Peace and war

With the hope surrounding meeting of John White and Alex Maskey in the Mayor’s parlour, there is a plethora of warnings about the consequences of any further violence. Sinn Fein claim that the UDA is on a sustained campaign of violence that can only end in another death.

In the Irish Times Gerry Morriarty was almost upbeat about the meeting:

“There is still much mutual distrust and suspicion, but at least at face value the fact that they were prepared to break through another political barrier indicated some unity of purpose in addressing the problem of sectarianism. The fact that the meeting lasted more than two hours also raises possibilities of progress.”

But rolling out a practical solution may take some time.

Meanwhile as shooting and rioting continue in the interface areas, the new man at UDA North Belfast gives some sense of his own grim determination:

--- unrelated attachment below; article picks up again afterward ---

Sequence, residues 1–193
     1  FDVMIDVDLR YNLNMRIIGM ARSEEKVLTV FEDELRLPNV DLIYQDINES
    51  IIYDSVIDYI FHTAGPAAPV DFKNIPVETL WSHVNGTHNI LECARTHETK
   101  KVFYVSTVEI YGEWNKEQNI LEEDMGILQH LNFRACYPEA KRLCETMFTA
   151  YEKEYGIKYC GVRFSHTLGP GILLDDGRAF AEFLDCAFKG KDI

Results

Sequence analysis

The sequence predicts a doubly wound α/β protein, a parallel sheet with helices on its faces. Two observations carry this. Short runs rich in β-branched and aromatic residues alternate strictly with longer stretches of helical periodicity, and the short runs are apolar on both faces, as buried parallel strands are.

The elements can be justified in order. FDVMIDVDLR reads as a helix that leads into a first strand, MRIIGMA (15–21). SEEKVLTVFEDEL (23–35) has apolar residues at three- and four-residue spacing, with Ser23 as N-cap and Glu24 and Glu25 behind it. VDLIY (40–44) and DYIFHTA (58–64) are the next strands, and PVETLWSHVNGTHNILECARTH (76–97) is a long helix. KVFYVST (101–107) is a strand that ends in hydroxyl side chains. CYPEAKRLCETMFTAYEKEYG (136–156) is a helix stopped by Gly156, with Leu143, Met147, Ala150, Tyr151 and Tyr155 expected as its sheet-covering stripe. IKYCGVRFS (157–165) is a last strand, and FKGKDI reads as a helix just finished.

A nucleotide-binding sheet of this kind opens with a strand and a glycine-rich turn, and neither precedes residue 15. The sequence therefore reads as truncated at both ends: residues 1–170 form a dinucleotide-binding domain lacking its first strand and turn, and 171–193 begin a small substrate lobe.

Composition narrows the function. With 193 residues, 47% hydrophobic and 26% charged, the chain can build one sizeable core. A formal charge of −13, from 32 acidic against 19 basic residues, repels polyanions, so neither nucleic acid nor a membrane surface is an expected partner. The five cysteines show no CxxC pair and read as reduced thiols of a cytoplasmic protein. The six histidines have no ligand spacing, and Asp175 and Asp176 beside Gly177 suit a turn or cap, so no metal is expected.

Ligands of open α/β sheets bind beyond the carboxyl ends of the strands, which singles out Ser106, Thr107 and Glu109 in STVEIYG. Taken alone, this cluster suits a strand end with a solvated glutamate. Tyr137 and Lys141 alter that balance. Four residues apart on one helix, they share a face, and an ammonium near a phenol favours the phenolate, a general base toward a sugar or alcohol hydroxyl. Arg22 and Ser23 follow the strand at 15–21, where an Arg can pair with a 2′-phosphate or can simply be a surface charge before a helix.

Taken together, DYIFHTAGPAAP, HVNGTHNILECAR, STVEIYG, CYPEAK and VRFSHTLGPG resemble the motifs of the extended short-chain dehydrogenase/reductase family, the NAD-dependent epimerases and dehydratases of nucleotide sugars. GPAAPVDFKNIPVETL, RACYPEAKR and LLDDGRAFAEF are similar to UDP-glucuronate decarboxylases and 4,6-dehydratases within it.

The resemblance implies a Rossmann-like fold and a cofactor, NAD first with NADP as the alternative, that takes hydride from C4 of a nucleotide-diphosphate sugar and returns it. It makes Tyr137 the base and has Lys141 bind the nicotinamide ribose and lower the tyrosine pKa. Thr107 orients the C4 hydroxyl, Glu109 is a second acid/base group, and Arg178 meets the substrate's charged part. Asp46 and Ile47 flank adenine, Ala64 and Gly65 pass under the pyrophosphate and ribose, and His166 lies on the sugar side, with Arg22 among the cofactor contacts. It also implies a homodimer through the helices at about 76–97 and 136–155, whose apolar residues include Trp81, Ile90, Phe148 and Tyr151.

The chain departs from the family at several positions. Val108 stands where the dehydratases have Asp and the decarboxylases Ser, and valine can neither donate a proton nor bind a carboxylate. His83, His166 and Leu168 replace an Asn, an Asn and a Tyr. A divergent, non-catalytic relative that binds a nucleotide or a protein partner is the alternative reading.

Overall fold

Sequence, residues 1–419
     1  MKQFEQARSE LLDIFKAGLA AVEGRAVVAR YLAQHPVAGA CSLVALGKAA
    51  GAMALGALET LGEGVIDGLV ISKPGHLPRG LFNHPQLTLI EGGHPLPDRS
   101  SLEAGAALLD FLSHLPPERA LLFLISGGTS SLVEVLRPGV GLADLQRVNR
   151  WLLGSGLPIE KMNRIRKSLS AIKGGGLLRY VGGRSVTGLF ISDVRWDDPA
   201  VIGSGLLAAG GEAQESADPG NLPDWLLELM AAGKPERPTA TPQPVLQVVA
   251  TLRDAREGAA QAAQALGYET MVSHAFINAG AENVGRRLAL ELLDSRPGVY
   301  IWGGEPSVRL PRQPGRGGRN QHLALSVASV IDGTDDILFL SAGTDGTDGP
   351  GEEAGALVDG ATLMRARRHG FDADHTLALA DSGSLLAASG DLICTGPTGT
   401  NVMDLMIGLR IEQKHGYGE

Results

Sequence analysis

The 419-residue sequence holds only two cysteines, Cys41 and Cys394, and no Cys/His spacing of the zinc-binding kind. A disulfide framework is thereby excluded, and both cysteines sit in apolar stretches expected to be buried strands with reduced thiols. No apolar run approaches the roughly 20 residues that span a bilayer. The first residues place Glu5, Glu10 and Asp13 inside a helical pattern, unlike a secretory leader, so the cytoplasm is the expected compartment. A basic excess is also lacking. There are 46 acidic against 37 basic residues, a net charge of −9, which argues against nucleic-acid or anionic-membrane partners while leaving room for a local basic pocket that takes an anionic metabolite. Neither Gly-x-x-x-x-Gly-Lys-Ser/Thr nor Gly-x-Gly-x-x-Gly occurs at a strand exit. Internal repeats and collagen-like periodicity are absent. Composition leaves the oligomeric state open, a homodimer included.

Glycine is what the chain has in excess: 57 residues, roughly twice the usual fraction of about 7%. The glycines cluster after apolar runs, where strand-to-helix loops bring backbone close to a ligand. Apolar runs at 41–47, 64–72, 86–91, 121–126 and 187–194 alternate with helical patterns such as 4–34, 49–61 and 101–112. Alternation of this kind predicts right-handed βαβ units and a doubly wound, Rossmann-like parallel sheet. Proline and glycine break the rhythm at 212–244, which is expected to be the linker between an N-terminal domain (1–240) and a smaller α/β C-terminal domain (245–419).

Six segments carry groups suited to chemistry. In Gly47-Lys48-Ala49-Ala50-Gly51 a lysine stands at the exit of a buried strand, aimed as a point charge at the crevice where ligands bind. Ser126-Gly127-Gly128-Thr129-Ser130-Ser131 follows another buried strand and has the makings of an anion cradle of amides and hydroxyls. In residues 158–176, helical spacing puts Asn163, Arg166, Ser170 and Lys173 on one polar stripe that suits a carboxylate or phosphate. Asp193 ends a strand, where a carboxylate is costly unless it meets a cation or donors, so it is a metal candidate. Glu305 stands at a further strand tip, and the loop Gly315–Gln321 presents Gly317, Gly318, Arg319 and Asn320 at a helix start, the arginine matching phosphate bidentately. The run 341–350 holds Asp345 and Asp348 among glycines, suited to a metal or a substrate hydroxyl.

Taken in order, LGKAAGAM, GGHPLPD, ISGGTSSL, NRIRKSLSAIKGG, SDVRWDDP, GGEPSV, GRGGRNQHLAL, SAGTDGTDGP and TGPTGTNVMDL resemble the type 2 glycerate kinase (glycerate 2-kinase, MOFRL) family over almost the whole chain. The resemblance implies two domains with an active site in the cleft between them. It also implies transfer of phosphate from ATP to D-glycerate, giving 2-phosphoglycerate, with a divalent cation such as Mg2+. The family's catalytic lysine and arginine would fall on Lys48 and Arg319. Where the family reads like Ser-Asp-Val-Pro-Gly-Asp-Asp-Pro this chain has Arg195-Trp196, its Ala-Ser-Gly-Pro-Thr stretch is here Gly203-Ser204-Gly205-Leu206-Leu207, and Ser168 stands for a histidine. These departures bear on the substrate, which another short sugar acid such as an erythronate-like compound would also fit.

“I am not a bigot. I don’t believe in shooting people because of their views. But if they [republicans] hit Protestants, it will be like for like. We have to defend our own people.” The UDA, Northern Ireland’s biggest loyalist paramilitary organisation with thousands of members in the province, and the other main loyalist terror group, the Ulster Volunteer Force, declared a joint ceasefire in October 1994.”

But the general tone reflects the fact that the interface areas are still caught up in a seemingly endless cycle of violence.